suspended the trading of the company's shares on 15 January 2008, Mr Goh and Ms Tan obstructed Dr
Tan's work and failed to act as responsible directors.
16

[75] I find that by their obstructive acts referred to above, Mr Goh and Ms Tan made it difficult for Dr Tan to
perform his task as CEO. Undoubtedly, they intended to sideline and oppress Dr Tan even though he was a
member of the company with a legitimate expectation that he would be allowed to lead the company.

Misuse of company funds to pay for a lawyer to advise the majority shareholders in their conflict
with Dr Tan
[76] When considering the actions of Mr Goh and Ms Tan in thwarting Dr Tan at every turn, the role of the
"company's lawyer", Mr Ng Kim Tean ("Mr Ng"), cannot be overlooked. While Dr Tan acted correctly by
retaining Drew & Napier LLC as his personal lawyer to advise him on his problems with his fellow directors,
Mr Goh and Ms Tan utilised the company's funds to pay for legal advice given to them with respect to their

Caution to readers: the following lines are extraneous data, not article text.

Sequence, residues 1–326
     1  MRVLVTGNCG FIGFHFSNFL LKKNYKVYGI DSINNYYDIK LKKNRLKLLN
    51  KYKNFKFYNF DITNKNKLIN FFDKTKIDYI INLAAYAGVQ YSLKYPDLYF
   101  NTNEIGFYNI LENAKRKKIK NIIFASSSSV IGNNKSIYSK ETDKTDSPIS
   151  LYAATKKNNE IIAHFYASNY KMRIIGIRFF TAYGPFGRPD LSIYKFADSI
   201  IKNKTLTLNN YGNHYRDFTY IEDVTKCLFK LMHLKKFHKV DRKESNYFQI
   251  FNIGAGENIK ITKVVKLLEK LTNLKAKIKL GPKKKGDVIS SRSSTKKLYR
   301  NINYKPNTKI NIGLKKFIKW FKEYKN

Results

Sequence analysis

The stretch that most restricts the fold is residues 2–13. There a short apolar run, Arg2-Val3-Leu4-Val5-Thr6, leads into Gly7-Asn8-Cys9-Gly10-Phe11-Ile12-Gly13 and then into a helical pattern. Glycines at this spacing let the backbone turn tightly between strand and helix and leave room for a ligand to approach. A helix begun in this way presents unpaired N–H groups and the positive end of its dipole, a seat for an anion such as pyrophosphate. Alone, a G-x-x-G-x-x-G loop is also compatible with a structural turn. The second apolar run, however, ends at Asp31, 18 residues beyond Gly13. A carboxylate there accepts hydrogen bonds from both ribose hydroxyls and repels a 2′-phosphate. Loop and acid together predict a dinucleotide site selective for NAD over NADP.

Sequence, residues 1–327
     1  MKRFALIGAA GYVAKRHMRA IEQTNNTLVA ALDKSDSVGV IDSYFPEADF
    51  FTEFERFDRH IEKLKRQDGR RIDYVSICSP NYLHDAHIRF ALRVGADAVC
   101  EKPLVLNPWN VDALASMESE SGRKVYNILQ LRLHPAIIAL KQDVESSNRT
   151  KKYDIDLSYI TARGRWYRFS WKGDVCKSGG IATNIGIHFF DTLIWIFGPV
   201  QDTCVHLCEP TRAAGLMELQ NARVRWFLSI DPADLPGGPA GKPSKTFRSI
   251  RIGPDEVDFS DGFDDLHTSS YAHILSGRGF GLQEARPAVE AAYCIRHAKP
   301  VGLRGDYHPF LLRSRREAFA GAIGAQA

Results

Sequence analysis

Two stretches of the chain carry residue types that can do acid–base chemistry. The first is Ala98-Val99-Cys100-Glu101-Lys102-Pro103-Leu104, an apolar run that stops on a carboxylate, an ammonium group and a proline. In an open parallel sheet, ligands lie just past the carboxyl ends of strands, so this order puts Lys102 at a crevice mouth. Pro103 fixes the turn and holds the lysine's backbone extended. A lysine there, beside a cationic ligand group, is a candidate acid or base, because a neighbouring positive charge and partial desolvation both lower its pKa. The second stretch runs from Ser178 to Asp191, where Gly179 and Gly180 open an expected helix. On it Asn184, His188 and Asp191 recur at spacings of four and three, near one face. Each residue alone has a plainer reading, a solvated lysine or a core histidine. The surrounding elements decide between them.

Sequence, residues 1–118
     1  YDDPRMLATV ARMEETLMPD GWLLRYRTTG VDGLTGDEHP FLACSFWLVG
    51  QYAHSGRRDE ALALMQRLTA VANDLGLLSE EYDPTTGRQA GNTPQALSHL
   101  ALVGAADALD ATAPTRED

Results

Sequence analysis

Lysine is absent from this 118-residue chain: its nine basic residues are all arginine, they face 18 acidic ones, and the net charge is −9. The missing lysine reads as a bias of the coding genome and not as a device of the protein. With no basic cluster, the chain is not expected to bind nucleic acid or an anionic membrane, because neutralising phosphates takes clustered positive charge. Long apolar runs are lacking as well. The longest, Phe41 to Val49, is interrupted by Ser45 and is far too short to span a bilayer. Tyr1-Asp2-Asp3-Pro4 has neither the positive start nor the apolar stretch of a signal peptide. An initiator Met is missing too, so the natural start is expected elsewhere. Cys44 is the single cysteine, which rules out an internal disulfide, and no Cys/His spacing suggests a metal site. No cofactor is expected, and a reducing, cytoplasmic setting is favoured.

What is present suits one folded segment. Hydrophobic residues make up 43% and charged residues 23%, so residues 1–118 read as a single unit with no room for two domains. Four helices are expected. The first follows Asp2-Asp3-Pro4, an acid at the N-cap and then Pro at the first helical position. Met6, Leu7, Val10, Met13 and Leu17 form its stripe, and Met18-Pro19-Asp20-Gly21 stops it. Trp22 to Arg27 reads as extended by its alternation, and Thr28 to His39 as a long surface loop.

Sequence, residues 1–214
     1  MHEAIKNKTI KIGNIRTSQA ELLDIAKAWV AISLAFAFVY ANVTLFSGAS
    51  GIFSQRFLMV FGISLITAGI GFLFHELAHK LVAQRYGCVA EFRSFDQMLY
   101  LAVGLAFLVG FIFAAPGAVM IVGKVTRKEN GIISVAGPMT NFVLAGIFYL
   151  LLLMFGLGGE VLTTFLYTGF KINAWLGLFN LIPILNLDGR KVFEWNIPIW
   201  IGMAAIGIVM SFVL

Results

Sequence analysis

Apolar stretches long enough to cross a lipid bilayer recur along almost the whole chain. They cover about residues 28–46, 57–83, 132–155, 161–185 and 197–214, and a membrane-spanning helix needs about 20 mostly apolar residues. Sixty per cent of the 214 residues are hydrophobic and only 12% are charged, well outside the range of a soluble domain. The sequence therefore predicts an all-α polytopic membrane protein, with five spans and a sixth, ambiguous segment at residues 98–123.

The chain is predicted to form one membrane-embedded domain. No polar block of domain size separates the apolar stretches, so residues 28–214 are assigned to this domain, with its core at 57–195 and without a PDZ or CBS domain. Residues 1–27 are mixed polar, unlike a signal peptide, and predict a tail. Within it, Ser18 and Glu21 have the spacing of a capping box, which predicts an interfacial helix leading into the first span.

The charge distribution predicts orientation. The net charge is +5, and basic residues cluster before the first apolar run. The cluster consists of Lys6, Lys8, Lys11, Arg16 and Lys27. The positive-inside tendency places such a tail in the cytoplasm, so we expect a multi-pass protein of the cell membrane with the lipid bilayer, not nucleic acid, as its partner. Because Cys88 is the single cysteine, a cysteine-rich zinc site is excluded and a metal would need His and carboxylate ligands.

personal battle against Dr Tan.
[77] Mr Ng admitted that he knew that neither the board nor the CEO would appoint him as the company's
lawyer. All the same, he thought that as Mr Goh and Ms Tan were the majority shareholders, he could accept
their invitation to become the company's lawyer. Ms Tan confirmed how useful Mr Ng was to her "side" when
she testified as follows:

12:  ... I suggest to you that the only reason why you wanted ... Nanyang Law was ... you
felt that Nanyang Law, and especially Mr Ng Kim Tean, was on your side? You felt that he was on your
side?
13:  Yes ...
13:  ... And you preferred them because ... they were helpful to you. You considered them